The saying goes, “If you don’t think your teen is drinking, they’re probably drinking”. And it’s an accurate one, for the most part.
It only makes sense, growing up in a culture defined as much by enjoying a glass of Chardonnay with dinner four nights a week as it is by mateship.
It only follows, then, that parents are fairly unfazed when they inevitably catch their 15 or 16 year olds swapping vodka from the family liquor cabinet for water, bit-by-bit. Or unsurprised, at least.
How could they claim to be, when underage drinking is portrayed and normalised in every other teen movie and television series that’s aired since the turn of the century.
At 16 years old, when I confronted my own mum with a similar question around a different issue, it was one she was by no means ready for, nor, at the time, could quite wrap her head around.
Sportsbet was the app most of my friends used to place bets online. I’ve never figured out how they managed to create accounts considering they were underage, but I suppose it doesn’t matter.
Nor were they alone. According the Victorian Responsible Gambling Foundation (VRGF), research shows 12.2 percent of teens under 18 have placed a bet on the internet.
So, it was those enthusiastic friends around me, paired with my own dedication to AFL – two factors which, I would argue, are present in the lives of many young Australian boys – which eventually led me to download my first betting app.
I asked my mum if she could set up an account I could use in her name.
"Can I borrow your ID to set it up," I pleaded. "I'll put all the money on there. You won't need to spend a cent."
She refused. And while I was devastated at the time, missing out on the undeniably thrilling peaks and pitfalls of gambling with my comrades, I'm incredibly relieved, in hindsight, that she did.
Boys are raised with a belief ingrained that gambling and sport go hand-in-hand; that there's little point in a competitive match being played if their dad, their uncle, their older cousin can't pull out a mobile phone and bet on it.
With research showing that 75 percent of kids aged eight to 16 can name at least one sports betting company, it's remarkable how easily the advertising seeps through during sports matches, on unrelated apps kids use, and throughout social media. The VRGF's Love The Game initiative helps parents, schools, and sports clubs both big and small to teach young people about these issues.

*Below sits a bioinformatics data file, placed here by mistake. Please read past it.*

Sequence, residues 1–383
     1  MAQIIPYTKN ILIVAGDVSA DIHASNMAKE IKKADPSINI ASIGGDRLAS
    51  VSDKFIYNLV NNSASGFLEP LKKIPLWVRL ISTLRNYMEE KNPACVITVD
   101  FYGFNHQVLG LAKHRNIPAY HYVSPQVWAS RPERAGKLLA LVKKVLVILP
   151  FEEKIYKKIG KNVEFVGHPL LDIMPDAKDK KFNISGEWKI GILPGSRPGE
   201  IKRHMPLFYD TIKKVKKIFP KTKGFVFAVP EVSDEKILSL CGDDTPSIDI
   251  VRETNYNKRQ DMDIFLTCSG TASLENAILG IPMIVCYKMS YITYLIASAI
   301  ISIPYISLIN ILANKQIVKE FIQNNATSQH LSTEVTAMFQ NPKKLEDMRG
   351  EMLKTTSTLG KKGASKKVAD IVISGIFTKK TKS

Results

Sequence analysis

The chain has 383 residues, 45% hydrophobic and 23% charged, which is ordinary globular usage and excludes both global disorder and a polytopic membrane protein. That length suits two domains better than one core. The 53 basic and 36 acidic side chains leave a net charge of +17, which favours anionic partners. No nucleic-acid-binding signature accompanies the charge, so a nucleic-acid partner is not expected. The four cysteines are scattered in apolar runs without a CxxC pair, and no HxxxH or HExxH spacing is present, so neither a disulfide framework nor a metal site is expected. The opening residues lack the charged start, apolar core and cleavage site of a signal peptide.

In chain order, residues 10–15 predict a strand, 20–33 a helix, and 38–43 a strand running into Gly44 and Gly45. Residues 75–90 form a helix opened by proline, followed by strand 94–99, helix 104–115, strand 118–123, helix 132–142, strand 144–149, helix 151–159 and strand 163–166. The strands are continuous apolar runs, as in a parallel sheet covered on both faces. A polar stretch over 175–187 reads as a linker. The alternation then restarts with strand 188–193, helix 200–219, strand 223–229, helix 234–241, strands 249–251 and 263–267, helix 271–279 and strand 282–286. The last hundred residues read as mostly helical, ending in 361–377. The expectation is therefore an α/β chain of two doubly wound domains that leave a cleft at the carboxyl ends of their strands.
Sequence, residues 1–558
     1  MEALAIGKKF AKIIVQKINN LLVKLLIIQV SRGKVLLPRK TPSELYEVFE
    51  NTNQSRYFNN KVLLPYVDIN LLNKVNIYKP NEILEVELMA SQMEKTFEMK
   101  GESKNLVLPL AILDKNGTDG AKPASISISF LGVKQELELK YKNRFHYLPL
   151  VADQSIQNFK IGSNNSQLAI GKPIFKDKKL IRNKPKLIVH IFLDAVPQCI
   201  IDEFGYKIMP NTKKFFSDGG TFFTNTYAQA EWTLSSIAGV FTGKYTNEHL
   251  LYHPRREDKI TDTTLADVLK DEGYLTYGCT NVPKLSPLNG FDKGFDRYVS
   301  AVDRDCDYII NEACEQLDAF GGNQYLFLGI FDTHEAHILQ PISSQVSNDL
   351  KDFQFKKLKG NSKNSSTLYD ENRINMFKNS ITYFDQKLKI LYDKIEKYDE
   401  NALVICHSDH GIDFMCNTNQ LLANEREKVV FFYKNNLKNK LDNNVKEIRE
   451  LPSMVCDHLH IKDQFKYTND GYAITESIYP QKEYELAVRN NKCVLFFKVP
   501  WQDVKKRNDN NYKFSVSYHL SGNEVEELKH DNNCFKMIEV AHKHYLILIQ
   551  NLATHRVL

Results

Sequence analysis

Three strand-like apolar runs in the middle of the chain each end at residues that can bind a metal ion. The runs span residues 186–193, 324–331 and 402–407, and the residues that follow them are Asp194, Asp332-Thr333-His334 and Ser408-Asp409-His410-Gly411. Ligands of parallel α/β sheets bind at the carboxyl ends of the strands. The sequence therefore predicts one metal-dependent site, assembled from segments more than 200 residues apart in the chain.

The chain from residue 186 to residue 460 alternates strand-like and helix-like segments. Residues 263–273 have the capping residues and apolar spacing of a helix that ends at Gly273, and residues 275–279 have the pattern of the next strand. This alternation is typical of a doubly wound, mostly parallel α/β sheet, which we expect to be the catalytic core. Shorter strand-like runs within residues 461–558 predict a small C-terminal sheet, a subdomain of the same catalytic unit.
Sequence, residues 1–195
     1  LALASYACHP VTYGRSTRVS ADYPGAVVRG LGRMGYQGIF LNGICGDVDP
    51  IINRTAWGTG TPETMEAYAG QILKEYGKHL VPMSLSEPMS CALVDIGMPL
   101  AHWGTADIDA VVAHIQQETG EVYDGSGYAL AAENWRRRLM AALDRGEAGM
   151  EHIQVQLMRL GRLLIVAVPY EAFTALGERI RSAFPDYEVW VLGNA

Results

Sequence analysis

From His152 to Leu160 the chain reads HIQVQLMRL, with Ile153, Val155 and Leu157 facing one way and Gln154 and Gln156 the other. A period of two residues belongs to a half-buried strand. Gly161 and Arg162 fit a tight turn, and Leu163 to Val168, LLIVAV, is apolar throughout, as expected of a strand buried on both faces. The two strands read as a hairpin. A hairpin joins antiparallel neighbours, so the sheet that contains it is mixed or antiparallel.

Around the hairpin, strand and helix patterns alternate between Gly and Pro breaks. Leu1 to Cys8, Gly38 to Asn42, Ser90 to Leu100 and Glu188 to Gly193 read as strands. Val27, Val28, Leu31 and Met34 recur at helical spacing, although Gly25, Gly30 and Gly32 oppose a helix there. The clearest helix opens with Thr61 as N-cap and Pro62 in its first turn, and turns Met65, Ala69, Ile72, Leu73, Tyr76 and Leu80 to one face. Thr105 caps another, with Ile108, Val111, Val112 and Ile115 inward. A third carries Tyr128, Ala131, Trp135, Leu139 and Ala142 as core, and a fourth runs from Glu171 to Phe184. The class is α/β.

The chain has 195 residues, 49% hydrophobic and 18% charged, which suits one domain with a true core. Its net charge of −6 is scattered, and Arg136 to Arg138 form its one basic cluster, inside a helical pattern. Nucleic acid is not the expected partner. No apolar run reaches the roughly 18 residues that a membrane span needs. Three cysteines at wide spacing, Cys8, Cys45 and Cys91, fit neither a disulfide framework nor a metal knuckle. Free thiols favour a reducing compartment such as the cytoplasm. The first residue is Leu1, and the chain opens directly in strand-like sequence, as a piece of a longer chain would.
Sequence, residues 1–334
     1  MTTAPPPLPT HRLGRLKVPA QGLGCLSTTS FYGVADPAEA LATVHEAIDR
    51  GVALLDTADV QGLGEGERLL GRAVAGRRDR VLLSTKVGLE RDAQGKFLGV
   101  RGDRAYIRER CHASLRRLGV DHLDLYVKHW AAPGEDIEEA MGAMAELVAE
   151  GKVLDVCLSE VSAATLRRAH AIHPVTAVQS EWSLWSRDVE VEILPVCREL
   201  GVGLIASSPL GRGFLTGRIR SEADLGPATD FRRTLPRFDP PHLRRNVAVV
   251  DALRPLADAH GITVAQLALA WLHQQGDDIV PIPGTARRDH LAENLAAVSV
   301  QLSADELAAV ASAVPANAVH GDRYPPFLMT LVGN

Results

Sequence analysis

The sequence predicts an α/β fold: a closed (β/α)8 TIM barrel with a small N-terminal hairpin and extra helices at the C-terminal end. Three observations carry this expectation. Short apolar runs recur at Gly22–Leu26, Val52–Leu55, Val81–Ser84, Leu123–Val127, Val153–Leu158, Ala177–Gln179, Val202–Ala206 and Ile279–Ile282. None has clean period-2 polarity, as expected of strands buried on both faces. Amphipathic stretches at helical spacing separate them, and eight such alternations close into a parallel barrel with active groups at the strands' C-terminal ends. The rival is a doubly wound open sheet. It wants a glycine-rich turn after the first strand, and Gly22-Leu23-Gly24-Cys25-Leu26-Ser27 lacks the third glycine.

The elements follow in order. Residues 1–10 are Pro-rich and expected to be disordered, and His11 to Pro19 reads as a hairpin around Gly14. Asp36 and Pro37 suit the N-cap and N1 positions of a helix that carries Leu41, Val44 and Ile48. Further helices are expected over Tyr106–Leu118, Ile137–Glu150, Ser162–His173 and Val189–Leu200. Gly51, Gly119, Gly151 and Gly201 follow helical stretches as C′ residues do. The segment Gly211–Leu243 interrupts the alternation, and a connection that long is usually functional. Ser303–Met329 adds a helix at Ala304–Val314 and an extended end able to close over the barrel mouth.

For parents, it's critical to have "the talk" sooner rather than later. Perhaps before they even reach a stage at which they're comfortable asking you about gambling up front.
Video: How to have "the talk" about sports and gambling... post continues below
That is easier said than done, of course. A lecture-like approach is likely the fastest way to get young guys - like myself just a few years ago - to switch off. But broaching the topic speaking casually, and from personal experience is a different story.
My own father, for example, broached the topic with me in a car ride soon after I'd asked my mum to assist me in opening an account.
He shared with me that a close family member had struggled with a gambling addiction from a young age. He spoke candidly, as if explaining what he'd had for lunch. It was friendly. Non-confrontational.
Sitting side-by-side in the car removed the awkwardness most teens feel when forced to look their parents in the eye. It also meant I couldn't escape. It didn't come across as a lecture and I engaged far more because of it.
At a time when age restrictions online and in venues are doing little to stop teens from gambling, we need to remember - even if we aren't beaten over the head with this issue in popular culture, as we are with underage drinking - this is still a conversation worth having.
And perhaps the old adage needs amending: If you don't think your teen's gambling... they probably are.
It follows once again then, that there's never been a more important time to speak to teens about gambling than now. We need to help them fully understand how incredible sport is - that while betting is integrated into Australian culture, it isn't all smiles and money. And that competition can still be thrilling when money isn't on the line at all.
This content was created with thanks to our brand partner the Victorian Responsible Gambling Foundation.
In 2018, all 10 Victorian AFL clubs signed up to the Victorian Responsible Gambling Foundation's Love The Game Charter, pledging to reduce exposure of their fans and members to sports betting. More than 300 local and elite sporting clubs are part of the program. Visit Love The Game to see what they're doing.
Kids think betting and sport go together. The Victorian Responsible Gambling Foundation works with sporting clubs, schools and individuals in the community to call out this new normal and allows us to talk about the potential risks involved with gambling. Let’s help our kids Love the Game, not the odds.